With offspring, you can only invest so much into them - at some point, they are on their own

Cavaleiro, F. I., & Santos, M. J. (2014). Egg number-egg size: an important trade-off in parasite life history strategies. International Journal for Parasitology 44:173-182

March 9, 2014

Cucumispora dikerogammari

Invasive species can be very disruptive - cane toads, rabbits, water hyacinth, and zebra mussels are just a few well-known examples of species that have been introduced to areas outside of their original geographic range and have caused extensive ecological disruption in their new home. One of the hypotheses for why some introduced species become so successful when they arrive at a new region is called the "enemy release hypothesis". In their new home, introduced species run amok as they are no longer hounded by their usual foes that would otherwise keep their population in check.
Top: A heavily infected amphipod
Bottom: Spores of C. dikerogammari
Photo from here

Dikerogammarus villosus is an amphipod (a little, shrimp-like crustacean) from the Ponto-Caspian that has invaded western and central Europe, and is now also found in the United Kingdom. They might only grow up to a little over an inch long, but they are voracious little predators that eat everything smaller than themselves, including each other. Released from their usual predators and parasites, D. villosus rips through the freshwater life of its new neighbourhood. But they have not completely escaped from their past foes; one parasite has managed to come along for the ride, and it is a microsporidian called Cucumispora dikerogammari.

As far as the parasite goes, Cucumispora dikerogammari is a pretty nasty one. It invades the host's muscles, reproduces prolifically and eventually kills the host by overwhelming it with sheer numbers. There is some concern that this parasite can spill over into the native invertebrates and add insult to injury to the local stream life. But on another hand, a new study shows that this parasite might be one of the few things holding back this voracious invasive amphipod from causing even more destruction.

A group of scientists from France conducted a study to looked at how C. dikerogammari affects the activity levels and appetite of D. villosus. They observed the behaviour of both infected and uninfected amhipods in a water-filled glass tube and noticed that amphipods at a late stage of infection that are visibly "filled to the brim" with parasite spores are actually more active than healthy amphipods or those that are not visibly parasitised because they are at a much earlier stage of the infection.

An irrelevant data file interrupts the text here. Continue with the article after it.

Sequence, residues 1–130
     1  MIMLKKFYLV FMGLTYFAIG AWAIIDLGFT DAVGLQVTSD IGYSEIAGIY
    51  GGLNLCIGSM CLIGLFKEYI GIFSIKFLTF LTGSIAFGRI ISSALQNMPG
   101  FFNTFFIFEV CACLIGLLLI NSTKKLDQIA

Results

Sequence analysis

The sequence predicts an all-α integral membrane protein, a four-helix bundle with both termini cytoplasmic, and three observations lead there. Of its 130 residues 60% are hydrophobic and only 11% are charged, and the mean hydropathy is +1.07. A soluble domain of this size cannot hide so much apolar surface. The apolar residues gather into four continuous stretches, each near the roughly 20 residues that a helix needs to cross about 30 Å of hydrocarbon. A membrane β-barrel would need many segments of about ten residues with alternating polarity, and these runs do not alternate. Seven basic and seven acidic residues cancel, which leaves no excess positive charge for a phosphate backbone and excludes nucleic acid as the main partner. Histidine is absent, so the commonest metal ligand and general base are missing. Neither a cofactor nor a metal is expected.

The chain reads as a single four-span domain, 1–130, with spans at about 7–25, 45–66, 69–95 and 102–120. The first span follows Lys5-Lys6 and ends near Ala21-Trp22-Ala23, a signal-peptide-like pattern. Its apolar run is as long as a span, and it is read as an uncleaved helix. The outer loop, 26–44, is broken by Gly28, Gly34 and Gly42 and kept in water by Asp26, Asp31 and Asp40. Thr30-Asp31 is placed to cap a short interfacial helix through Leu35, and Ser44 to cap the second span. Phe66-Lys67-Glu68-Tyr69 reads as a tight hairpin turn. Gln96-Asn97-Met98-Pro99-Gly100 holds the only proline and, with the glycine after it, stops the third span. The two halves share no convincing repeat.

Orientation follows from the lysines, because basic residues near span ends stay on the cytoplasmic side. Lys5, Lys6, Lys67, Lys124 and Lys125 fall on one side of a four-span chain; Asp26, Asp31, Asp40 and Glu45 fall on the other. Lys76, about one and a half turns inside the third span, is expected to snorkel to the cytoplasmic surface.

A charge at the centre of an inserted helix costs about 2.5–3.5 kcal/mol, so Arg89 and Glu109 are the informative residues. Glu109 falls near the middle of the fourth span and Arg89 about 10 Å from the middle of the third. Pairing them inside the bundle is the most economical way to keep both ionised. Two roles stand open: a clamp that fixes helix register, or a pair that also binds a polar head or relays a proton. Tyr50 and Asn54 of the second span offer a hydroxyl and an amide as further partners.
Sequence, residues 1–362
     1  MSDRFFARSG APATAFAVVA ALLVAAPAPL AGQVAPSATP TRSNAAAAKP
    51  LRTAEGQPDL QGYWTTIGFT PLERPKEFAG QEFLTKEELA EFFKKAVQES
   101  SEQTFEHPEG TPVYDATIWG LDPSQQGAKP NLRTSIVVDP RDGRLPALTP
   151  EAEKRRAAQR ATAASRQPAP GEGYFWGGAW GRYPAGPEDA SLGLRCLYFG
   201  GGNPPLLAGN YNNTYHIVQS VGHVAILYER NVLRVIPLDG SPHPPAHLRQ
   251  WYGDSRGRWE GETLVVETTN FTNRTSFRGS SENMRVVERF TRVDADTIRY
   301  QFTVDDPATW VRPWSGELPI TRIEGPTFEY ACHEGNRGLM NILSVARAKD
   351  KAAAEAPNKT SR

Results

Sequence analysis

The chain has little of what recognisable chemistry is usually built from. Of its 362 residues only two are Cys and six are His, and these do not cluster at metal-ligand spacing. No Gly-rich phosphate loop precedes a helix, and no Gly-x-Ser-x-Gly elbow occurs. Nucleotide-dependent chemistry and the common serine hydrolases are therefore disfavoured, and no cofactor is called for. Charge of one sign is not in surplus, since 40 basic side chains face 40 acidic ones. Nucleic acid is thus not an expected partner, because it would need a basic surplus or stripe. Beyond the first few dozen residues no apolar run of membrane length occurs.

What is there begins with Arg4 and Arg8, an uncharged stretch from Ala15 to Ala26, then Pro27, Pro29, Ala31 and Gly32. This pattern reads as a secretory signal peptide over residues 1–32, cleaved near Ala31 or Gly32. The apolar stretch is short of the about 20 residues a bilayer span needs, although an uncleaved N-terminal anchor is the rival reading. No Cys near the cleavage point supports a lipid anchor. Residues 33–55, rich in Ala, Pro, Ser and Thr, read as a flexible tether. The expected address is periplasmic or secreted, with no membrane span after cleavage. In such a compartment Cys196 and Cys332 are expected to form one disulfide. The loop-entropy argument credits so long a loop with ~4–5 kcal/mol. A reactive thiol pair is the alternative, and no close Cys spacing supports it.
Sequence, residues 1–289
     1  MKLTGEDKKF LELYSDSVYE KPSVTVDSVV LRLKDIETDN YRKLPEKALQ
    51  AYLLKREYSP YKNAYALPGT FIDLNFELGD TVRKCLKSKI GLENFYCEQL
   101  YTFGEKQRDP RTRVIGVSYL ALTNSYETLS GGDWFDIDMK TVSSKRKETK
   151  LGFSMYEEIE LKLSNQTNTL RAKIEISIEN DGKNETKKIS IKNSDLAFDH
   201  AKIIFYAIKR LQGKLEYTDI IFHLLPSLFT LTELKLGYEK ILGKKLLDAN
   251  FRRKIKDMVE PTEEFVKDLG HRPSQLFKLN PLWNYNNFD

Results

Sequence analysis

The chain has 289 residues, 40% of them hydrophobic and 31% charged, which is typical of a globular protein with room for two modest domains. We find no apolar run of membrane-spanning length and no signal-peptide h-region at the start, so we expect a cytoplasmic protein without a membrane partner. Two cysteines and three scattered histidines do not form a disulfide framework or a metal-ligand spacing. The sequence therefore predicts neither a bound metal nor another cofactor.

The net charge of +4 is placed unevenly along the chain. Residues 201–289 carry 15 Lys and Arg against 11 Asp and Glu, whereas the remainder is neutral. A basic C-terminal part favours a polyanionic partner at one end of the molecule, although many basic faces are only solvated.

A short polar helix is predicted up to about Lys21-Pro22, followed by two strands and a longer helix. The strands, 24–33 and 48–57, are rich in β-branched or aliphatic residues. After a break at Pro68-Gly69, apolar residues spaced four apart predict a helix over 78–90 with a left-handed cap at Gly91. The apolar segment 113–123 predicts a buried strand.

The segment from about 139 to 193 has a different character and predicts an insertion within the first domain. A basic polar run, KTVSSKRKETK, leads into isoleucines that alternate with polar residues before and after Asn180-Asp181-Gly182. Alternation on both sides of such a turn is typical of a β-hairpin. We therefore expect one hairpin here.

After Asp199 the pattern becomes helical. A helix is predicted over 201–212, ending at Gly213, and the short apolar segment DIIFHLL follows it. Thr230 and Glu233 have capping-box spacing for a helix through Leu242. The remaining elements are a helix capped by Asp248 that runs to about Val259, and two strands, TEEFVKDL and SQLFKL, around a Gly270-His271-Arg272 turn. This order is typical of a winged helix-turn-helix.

Close-up of a C. dikerogammari spore from here
Furthermore, they also presented amphipods with midge larvae (also known to some as "bloodworms") to see how many they ate. Both infected and uninfected D. villosus pounced on those insect larvae, but the heavily infected amphipods ate far less than the healthy ones. For whatever reason, this parasite seems to cause D. villosus to lose its appetite, and given this crustacean's reputation of eating everything that it can get its claws around, this may have significant ecological ramifications. It could mean that C. dikerogammari may be subtly reducing the impact these amphipods have on the areas where they have been introduced.

But why would heavily-infected D. villosus, which would have much of their muscle mass already converted to parasite spores by C. dikerogammari, be more active? Well, it could just be an odd manifestation of the disease, but if it is, it is certainly a useful one for this parasite - as it depends upon cannibalism for transmission to new hosts. Dikerogammarus villosus are rather homely creatures and usually prefer to stay under a shelter and wait for potential prey to wander by. By getting their host out and about, C. dikerogammari might increase the chances that its host will either run into one of its cannibalistic buddies, or die out in the open where it can be scavenged by other D. villosus.

It seems that for this little invasive amphipod, no matter how far you go, you can never really run away from your past (foes).

Bacela-Spychalska, K., Rigaud, T., & Wattier, R. A. (2013). A co-invasive microsporidian parasite that reduces the predatory behaviour of its host Dikerogammarus villosus (Crustacea, Amphipoda). Parasitology 141: 254-258.